And the crust quivers. You thought it was dry, but no. There's something gelatinous under it.

"Why?" you say, heart palpitating.

"Well, cause, I talked to him to other night."

The crust cracks. "What? What do you know?" You can't breathe.

"Caitlyn's pregnant." Then, quickly, "Not by him."

You suck in air, you grab the countertop. The crust breaks and you fall through, into the sticky mess below. But you manage, somehow you manage. Twenty-four hours later, you're ironing curtains and listening to the damn Carpenters sing "I can't live a day without you" and suddenly you're freaking crying.

I mean, Jeezus. It's not his, and for that you have sacrificed a small lamb of gratitude. But you know how much of his hopes and dreams for recovery were tied up in this girl, of how they talked about getting married and having children, of how he adores her and she's talked recently about moving out to be with him and he's wanted so badly to get clean for her, for her, for them. And you ache for your child. Oh, you ache.

And you drive somewhere meaningless to pick up something meaningless, and your eyes are leaking and your lip curling and you know it's gone, the crust. You're sinking now, mired in the salty, tar-like gel that lives constantly under your surface. You try to climb back out to the top, you scramble and claw and tell yourself he can get through this, he won't relapse--and then you remember how devastating it can be for a young person in love to feel betrayed--and you know how goddamn lonely he must feel, and next thing you know you're home pouring your husband a cup of coffee and damn if you're not suddenly crying silently again, and to his, "What? What, honey?" you can only wail, "I don't know" because you weren't even thinking about your brokenhearted kid at that moment.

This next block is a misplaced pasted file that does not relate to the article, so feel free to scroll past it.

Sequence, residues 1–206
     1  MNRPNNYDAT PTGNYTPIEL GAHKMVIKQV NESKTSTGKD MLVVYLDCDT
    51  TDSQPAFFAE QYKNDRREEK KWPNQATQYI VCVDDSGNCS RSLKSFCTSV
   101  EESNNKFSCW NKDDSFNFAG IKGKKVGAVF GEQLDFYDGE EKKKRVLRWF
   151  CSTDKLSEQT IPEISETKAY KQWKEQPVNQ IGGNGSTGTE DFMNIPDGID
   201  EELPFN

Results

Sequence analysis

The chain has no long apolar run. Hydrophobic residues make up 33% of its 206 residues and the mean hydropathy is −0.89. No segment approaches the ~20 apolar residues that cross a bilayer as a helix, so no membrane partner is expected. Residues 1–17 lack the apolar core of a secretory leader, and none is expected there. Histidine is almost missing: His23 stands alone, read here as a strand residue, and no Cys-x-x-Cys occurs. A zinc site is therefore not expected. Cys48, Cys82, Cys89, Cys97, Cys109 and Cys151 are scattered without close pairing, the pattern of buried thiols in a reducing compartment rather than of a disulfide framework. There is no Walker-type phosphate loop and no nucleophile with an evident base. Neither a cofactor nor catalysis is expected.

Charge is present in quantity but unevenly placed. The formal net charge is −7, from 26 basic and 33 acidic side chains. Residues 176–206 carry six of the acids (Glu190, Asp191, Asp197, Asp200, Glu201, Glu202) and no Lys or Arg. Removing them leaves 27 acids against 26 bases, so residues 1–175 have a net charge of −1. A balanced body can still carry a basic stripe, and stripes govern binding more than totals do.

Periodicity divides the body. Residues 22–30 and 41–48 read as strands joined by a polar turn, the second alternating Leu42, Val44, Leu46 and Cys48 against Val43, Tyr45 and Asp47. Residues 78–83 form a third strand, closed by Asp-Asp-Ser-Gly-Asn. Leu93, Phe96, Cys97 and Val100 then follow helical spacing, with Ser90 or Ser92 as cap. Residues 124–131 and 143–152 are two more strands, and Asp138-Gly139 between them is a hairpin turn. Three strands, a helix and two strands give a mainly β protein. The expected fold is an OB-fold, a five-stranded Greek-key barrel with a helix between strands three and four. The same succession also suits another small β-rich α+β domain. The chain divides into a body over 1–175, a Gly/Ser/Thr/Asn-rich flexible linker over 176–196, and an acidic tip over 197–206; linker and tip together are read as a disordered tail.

And you wonder if your crust will ever, ever heal and quit collapsing under you and christ, even grow grass again.

And you wonder about his crust. Oh god, you wonder, how strong is his crust.

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Friday, November 11, 2005

A horse is a horse, of course, of course


Actually I'm just testing photo uploads, but just for the heck of it, here's that horse I'm always referring to. Purty, ain't he?

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Wednesday, November 09, 2005

The cat's in the bag

Okay, hush up on this one. I brought the kitten inside tonight. I've been saying, no, No, NO on having another cat in the house. Sure, they're cute when they're little. But 14 years later you're picking cat hair out of everything and swearing when they pee in the carpet. So that's NO, I don't care how damn cute it is. Sure, it wandered up to our house three weeks ago starving and emaciated, and yes you can feed it and keep it in the garage, but it CANNOT come in this house. Thus sayeth mother.